Concrete, the most widely used human-made material, shapes much of our built world. The manufacture of one of its key components, cement, creates a substantial yet underappreciated amount of human-produced carbon dioxide: up to 8 percent of the global total, according to London-based think tank Chatham House. It has been said that if cement production were a country, it would be the third-largest emitter after China and the U.S. Currently four billion tons of cement are produced every year, but because of increasing urbanization, that figure is expected to rise to five billion tons in the next 30 years, Chatham House reports. The emissions from cement production result from the fossil fuels used to generate heat for cement formation, as well as from the chemical process in a kiln that transforms limestone into clinker, which is then ground and combined with other materials to make cement.
Although the construction industry is typically resistant to change for a variety of reasons—safety and reliability among them—the pressure to decrease its contributions to climate change may well accelerate disruption. In 2018 the Global Cement and Concrete Association, which represents about 30 percent of worldwide production, announced the industry's first Sustainability Guidelines, a set of key measurements such as emissions and water usage intended to track performance improvements and make them transparent.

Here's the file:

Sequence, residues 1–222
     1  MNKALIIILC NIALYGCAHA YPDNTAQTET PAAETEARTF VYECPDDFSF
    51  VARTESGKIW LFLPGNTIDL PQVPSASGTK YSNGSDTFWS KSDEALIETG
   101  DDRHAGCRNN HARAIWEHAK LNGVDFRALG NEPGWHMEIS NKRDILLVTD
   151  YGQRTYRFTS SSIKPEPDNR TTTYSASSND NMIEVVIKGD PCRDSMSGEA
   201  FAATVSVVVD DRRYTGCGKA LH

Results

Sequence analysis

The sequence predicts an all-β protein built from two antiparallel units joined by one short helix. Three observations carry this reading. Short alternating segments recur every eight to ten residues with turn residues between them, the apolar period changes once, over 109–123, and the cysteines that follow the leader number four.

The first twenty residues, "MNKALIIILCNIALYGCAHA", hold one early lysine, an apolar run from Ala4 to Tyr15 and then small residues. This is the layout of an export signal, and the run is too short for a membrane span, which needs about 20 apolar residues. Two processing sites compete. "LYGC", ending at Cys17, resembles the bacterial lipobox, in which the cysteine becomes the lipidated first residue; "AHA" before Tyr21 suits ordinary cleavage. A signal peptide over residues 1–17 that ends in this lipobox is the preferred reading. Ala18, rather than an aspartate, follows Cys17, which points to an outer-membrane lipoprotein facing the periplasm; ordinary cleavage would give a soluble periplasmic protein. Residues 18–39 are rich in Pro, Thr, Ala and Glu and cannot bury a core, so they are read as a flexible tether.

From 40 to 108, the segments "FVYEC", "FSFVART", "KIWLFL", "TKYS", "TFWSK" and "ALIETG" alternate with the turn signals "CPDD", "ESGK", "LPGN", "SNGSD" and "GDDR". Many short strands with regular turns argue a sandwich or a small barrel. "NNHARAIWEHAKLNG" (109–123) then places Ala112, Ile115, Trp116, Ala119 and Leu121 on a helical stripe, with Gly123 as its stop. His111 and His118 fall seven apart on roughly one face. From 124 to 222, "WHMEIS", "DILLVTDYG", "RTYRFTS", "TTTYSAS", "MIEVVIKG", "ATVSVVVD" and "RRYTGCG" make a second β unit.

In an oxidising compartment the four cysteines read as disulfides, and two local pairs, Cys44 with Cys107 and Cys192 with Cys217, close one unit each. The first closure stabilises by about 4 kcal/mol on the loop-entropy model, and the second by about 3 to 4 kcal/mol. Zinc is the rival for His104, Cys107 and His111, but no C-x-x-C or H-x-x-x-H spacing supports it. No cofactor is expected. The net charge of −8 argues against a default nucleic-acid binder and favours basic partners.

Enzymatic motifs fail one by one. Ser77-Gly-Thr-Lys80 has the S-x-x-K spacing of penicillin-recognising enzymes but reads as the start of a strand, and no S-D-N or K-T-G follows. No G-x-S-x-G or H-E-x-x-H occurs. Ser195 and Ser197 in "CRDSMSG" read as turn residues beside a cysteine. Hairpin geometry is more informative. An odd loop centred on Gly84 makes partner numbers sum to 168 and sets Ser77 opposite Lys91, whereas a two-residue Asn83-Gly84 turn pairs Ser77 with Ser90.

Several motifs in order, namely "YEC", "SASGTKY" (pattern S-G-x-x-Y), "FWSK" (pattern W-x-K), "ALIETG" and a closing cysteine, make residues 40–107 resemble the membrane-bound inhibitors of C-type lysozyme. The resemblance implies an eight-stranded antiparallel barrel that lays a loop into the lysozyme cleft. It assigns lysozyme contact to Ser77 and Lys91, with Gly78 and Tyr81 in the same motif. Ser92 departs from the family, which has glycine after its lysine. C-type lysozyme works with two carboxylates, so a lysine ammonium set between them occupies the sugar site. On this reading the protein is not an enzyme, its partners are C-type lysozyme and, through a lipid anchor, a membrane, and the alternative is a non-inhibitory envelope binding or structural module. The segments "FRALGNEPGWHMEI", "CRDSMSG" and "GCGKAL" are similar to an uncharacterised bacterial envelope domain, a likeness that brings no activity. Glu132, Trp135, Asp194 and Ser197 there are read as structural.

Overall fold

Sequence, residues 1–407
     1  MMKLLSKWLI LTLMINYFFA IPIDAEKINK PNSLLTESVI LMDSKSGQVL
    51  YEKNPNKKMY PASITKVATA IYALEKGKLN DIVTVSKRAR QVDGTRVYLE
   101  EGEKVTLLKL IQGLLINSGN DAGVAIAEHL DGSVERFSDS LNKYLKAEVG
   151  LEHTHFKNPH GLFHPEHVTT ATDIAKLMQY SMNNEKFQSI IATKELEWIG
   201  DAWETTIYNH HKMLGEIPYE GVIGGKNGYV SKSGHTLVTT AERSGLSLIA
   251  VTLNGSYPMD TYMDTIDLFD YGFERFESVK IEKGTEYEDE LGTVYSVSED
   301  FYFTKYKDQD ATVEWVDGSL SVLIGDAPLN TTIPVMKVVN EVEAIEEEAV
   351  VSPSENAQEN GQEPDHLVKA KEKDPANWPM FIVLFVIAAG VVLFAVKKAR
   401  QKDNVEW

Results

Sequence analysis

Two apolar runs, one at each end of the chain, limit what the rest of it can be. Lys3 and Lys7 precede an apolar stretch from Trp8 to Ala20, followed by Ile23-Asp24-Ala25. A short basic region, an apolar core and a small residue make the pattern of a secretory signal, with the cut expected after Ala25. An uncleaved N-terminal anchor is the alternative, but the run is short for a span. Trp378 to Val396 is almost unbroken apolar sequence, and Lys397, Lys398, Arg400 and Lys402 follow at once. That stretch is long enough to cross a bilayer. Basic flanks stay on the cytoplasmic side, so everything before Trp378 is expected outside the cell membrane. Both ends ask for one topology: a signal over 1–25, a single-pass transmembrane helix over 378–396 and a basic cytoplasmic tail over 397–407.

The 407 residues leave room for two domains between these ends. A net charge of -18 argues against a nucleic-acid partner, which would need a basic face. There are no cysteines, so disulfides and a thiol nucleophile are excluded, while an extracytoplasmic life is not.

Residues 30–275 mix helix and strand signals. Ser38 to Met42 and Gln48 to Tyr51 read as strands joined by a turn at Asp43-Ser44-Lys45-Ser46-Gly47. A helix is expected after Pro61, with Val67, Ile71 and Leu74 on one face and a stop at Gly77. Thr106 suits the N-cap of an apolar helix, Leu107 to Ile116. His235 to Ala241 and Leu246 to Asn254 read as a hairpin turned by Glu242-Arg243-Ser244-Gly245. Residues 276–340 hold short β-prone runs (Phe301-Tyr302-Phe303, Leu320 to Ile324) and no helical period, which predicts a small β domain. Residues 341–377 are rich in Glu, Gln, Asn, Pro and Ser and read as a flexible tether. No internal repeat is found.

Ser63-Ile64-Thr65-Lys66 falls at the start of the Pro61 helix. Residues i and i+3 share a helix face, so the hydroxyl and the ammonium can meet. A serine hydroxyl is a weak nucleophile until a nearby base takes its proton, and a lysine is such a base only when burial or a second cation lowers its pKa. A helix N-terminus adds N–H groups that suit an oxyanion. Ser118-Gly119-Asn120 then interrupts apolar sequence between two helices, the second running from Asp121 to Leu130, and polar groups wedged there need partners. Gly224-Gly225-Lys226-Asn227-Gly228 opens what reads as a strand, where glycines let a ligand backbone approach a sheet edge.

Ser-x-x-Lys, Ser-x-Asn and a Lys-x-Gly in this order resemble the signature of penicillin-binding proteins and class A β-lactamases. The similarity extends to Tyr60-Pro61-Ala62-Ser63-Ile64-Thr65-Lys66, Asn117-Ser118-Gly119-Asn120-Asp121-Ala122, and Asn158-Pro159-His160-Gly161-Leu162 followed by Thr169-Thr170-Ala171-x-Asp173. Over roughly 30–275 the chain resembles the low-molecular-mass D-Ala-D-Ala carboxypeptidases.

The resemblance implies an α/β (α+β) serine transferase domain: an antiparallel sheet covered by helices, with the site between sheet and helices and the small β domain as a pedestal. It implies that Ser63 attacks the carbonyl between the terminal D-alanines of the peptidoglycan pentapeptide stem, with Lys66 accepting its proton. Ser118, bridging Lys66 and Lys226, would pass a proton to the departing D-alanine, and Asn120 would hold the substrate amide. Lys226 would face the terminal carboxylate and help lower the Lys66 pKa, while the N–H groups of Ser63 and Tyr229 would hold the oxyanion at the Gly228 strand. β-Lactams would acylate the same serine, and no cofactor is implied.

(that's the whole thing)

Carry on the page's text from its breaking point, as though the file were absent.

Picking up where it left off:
Meanwhile a variety of lower-carbon approaches are being pursued, with some already in practice. Start-up Solidia in Piscataway, N.J., is employing a chemical process licensed from Rutgers University that has cut 30 percent of the carbon dioxide usually released in making cement. The recipe uses more clay, less limestone and less heat than typical processes. CarbonCure in Dartmouth, Nova Scotia, stores carbon dioxide captured from other industrial processes in concrete through mineralization rather than releasing it into the atmosphere as a by-product. Montreal-based CarbiCrete ditches the cement in concrete altogether, replacing it with a by-product of steelmaking called steel slag. And Norcem, a major producer of cement in Norway, is aiming to turn one of its factories into the world's first zero-emissions cement-making plant. The facility already uses alternative fuels from wastes and intends to add carbon capture and storage technologies to remove emissions entirely by 2030.
Additionally, researchers have been incorporating bacteria into concrete formulations to absorb carbon dioxide from the air and to improve its properties. Start-ups pursuing “living” building materials include BioMason in Raleigh, N.C., which “grows” cementlike bricks using bacteria and particles called aggregate. And in an innovation funded by DARPA and published in February in the journal Matter, researchers at the University of Colorado Boulder employed photosynthetic microbes called cyanobacteria to build a lower-carbon concrete. They inoculated a sand-hydrogel scaffold with bacteria to create bricks with an ability to self-heal cracks.
These bricks could not replace cement and concrete in all of today's applications. They could, however, someday take the place of light-duty load-bearing materials, such as those used for pavers, facades and temporary structures.